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Article: Historic Cottage Welcomes Community After 200 Years

Historic Cottage Welcomes Community After 200 Years
Cruickston Park

Historic Cottage Welcomes Community After 200 Years

The ‘Stone Cottage’ wasn’t always made of stone. It started as a quaint wooden, four-bedroom house replete with central staircase, living room, parlour and gingerbread detailing.  

It was designed by Detlief Lenaux at the same time he was overseeing the redesign of the manor which began in 1871.  Family folklore says it was built to house the Wilks family temporarily while they waited for their principal home to be completed: A process that took two years. 

Oddly the cottage didn’t appear to have been built with a kitchen so it is likely the family relied on the lean-two kitchen attached to the Trapper’s Cabin and its inhabitants for meal preparation, since the cabin is located


Left: The Stone Cottage c. 1970’s. Right: Lilo and Trina Keefer

A Source of Family History

Once the Wilks family moved into the manor in 1873, The Stone Cottage became the home of the farm manager and his family.  When Catherine Wilks inherited a life tenancy of the Cruickston estate from her father near the turn of the Century, ‘The Stone Cottage’ was expanded with the addition of a large kitchen, bedroom, pantry, basement and wrap-around porch.  It was only at this time the stone was added.

During Aunt Kate’s tenure, The Stone Cottage was used as a guest house and entertainment center for the Wilks’ extended family and friends.  Matthew Wilks Keefer, Aunt Kate’s nephew and heir to the property, visited Cruickston Park routinely from England with his two sisters where they all lived full-time. Coincident with the year of Aunt Kate’s passing in 1949, the Keefer siblings moved permanently to Cruickston Park and the Misses Keefers took up residence at The Stone Cottage (followed by Mrs. Margaret Keefer’s son, Biff Hamilton).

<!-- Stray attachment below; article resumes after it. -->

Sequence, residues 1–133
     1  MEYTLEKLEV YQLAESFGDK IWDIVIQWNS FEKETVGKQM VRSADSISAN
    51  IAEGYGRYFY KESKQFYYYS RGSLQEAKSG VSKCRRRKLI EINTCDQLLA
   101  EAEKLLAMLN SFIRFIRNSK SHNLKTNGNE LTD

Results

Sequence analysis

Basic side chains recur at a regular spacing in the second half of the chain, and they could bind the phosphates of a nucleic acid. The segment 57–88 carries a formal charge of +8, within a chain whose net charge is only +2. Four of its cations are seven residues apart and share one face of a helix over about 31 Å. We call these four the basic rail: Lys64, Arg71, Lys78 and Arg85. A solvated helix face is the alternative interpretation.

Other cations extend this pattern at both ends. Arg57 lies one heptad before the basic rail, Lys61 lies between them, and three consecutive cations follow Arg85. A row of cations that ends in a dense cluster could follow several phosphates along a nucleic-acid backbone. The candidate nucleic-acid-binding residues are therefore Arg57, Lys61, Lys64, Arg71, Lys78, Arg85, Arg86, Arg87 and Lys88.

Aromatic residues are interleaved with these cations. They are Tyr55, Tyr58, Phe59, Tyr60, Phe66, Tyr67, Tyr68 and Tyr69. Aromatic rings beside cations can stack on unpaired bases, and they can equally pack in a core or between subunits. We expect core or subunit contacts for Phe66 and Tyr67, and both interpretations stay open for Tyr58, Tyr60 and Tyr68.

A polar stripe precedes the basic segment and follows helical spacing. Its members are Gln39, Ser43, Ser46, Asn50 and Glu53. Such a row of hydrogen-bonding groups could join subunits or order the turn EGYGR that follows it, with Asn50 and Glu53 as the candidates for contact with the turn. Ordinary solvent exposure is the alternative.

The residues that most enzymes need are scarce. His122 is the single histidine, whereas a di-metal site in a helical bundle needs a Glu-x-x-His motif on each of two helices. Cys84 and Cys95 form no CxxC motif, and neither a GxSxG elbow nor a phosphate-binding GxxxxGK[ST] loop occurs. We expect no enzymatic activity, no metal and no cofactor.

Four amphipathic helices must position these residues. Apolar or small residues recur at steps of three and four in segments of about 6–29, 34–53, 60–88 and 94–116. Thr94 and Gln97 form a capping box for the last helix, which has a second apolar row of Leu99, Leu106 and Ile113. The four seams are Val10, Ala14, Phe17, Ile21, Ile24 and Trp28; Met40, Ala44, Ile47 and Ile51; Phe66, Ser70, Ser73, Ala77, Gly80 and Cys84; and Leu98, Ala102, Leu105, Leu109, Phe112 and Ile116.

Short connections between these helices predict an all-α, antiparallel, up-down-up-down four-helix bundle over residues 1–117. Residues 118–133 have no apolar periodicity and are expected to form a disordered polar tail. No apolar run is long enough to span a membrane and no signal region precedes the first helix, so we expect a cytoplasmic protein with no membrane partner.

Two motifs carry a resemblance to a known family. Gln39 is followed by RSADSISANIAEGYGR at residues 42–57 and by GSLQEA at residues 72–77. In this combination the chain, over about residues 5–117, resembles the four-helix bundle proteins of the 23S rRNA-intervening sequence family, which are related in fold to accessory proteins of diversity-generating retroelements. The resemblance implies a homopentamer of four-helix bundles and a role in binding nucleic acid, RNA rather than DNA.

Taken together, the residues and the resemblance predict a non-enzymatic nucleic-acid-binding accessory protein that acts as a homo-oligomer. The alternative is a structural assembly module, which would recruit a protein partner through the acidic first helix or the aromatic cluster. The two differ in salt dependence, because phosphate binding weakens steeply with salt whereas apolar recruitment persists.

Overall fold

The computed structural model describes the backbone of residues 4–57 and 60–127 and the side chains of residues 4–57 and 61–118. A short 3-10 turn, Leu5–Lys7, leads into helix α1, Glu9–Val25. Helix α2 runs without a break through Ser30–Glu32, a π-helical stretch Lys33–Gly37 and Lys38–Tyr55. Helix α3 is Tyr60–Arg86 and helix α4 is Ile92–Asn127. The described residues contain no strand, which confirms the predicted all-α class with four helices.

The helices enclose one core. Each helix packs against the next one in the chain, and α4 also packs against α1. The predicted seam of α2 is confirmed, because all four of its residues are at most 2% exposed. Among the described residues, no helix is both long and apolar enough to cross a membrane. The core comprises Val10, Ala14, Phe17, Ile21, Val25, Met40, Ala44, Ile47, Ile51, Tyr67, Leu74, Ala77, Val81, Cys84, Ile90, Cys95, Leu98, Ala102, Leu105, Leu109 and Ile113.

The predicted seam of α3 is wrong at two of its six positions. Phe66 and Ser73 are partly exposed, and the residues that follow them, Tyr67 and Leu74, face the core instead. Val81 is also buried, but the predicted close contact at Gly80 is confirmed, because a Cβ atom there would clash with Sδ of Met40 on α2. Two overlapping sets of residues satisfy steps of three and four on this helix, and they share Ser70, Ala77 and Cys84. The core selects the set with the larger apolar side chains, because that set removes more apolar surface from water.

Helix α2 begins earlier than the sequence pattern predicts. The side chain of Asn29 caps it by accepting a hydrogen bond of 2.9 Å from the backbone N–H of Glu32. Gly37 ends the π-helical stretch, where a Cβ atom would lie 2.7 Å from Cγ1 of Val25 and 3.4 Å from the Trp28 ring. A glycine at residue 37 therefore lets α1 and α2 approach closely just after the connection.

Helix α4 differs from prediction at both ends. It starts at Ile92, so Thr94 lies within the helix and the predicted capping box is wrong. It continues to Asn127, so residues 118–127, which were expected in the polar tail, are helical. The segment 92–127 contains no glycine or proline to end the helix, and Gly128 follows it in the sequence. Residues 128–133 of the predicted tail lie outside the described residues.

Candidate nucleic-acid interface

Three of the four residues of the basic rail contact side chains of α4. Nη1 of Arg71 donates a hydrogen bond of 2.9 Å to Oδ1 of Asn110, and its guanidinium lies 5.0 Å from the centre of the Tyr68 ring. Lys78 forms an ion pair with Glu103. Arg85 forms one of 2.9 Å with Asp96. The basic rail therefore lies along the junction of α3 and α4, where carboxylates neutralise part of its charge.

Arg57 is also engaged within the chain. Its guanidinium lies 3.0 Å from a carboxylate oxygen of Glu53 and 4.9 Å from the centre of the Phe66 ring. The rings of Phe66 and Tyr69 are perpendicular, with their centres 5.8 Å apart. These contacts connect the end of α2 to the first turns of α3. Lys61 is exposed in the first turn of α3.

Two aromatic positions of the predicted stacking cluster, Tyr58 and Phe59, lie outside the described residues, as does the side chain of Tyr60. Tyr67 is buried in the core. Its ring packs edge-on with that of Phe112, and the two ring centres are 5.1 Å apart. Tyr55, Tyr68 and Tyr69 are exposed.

Independency Over Union

As the Wilks’ family was affluent, it was not unusual for women-of-means to avoid marriage in order to avoid laws that automatically transferred a woman’s wealth to her husband. Aunt Kate and the Misses Keefers were three such women. They chose a life of independence.

 Today The Stone Cottage remains an elegant home within a beautiful setting, reminiscent of wood, stone and generations that had gone before.


Historic Impact

In addition to its rich family history stemming from the Trapper's Cabin, it's important to highlight that this site also holds significant historical importance to Ontario as the first-ever built infrastructure in the Kitchener-Waterloo area. As the inaugural structure erected in the region, its existence serves as a tangible testament to the area's early development and pioneering spirit. 

Opening our Doors after 200 Years 

After two centuries, we are thrilled to extend a warm invitation to our community to rediscover and relish the beauty of this remarkable building. Through meticulous restoration efforts, we have carefully preserved its historical essence while infusing it with modern luxuries, creating an unforgettable experience that seamlessly blends the past with the present. 

Book your cottage experience here.